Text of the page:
2007 C-RING WINNER CELEBRATES THE COMMUNITY OF WOMEN
Rachel, who was chosen from a field of 15 finalists, is receiving her bachelor of science in biomedical engineering (BME) this June but will turn around and enter UC’s College of Medicine in August. She is one of a select few who was admitted under the highly competitive dual admissions option between UC’s Colleges of Engineering and Medicine. Denise Gabrelski is Rachel’s pre-med advisor.
“If accepted [into the dual admissions program], students have a spot in our College of Medicine upon graduation,” wrote Gabrelski in her letter to the selection committee. “Only a small percentage of applicants are accepted into the program.”
As a part of the Connections-E program with the medical school, Rachel had dual admissions to the med school out of high school.
“This was one of the main drawing points at UC for me,” she says. “BME at UC sounded interesting because I would learn a different way of thinking about medical problems which would be helpful as a physician.”
“She is truly a person who wants to make the world a better place,” says Mary Beth Privitera, assistant professor in biomedical engineering.
Rachel helped set up the recent trip to Kenya for UC’s Engineers Without Borders chapter. The UC students worked with residents to identify water source and quality issues.
“Rachel was instrumental in planning the Kenya trip, especially the health assessment component,” says Dan Oerther, associate professor of civil and environmental engineering. “She is incredibly devoted and focused, and understands global health issues.”
Rachel’s project in Privitera’s class was geared toward designing a minimally invasive saphenous vein harvester for the third world. Third-world countries typically cannot use minimally invasive techniques due to complexity & cost.
“If it were not for Rachel’s efforts her team would have totally disregarded this design requirement, as it is much easier to design for ourselves than for others who are less fortunate,” adds Privitera. “Throughout Rachel’s project she carried the majority of the research to better understand the needs of a developing world and I would not be surprised to find her participating in Doctors Without Borders one day.”
Mark Bowers, assistant dean in the College of Engineering, says that Rachel convinced a physician to let her participate in developing an HIV/AIDS program called “ACCESS: Caribe” in the Dominican Republic.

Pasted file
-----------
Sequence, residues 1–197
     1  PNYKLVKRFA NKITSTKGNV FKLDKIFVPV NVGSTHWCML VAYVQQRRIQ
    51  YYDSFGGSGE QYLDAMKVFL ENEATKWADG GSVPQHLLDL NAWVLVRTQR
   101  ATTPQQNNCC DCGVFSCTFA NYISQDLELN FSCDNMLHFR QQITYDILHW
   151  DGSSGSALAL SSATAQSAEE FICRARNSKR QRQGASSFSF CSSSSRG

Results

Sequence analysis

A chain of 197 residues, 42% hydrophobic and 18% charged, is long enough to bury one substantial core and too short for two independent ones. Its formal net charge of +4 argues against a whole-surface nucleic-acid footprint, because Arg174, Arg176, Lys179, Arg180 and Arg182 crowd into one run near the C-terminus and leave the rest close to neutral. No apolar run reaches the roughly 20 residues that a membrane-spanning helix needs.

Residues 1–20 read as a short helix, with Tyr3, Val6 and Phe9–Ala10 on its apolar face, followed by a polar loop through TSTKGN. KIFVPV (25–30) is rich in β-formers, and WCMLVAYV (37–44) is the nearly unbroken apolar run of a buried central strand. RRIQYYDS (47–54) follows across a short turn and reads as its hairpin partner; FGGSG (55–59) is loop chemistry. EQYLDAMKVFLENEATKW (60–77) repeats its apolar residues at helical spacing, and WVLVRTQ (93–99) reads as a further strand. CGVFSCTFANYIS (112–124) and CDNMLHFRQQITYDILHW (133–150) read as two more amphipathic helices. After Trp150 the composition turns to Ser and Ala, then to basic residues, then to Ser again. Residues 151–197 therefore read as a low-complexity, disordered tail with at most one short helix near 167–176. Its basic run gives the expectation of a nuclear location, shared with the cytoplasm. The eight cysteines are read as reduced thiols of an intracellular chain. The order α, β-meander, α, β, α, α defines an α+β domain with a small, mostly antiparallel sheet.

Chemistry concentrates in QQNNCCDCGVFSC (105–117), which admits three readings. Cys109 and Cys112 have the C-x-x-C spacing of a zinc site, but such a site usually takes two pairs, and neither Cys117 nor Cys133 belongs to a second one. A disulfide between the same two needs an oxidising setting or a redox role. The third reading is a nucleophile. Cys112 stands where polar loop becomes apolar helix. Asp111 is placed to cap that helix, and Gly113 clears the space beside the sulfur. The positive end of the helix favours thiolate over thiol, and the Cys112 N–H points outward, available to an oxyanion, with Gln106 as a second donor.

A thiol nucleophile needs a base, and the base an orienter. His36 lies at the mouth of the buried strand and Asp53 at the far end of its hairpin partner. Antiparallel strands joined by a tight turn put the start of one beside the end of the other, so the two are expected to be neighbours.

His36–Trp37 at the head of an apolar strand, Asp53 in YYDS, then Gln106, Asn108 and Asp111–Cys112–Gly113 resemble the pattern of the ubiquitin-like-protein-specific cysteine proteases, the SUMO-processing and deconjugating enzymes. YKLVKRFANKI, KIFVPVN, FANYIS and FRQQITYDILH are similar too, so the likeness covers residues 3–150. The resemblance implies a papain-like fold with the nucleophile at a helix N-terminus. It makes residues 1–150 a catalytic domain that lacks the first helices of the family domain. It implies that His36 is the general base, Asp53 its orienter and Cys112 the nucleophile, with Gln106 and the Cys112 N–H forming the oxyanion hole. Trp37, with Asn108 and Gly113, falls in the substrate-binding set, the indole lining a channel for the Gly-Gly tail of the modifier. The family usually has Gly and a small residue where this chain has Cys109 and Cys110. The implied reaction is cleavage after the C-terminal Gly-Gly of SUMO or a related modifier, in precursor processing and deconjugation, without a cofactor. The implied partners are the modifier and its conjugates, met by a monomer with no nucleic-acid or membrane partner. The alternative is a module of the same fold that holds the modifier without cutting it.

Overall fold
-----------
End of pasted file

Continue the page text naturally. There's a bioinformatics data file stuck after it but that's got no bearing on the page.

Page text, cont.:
UC Women’s Center director Barb Rinto says that the C-Ring goes to a true winner.
“C-Ring recognizes women who work to improve the quality of life in our communities; who feel a responsibility to the greater world. These are women who ‘lift as they climb,’ selflessly reaching out to other women and girls to help them succeed,” says Rinto.
Rachel has many strong role models. “I have a diverse group of strong women in my family: both of my grandmothers, my mother's aunt, and my mother,” she says, “Also, Pearl Willis. Ms. Pearl's work in Chicago has been amazing, and I am honored to call her a mentor."
Perhaps advisor Gabrelski sums Rachel up best: “My words cannot do this compassionate, humble, intelligent and amazing young woman justice.”
“I'd like to invite everyone to get involved in these causes that are so near to my heart: Engineers Without Borders, CityCure ballet classes, a youth center in the Dominican Republic,” Rachel says. “The next four years of my life will be full of medical school. I am hoping that next summer I will be again able to work internationally, hopefully returning to the Dominican Republic.”
Ten years from now she hopes to be either a family medicine or pediatric physician working with an underserved population domestically or internationally, perhaps with Dominican immigrants or in the Dominican Republic.
5/4/2007 Fifteen Graduating Senior Women Contend for UC's 85th Annual C-Ring Award
5/30/2006 Competition for UC’s C-Ring Award Has Grown by Leaps and Bounds
7/4/2005 Samantha Cronier Grabs the Gold Ring at the Annual C-Ring Banquet
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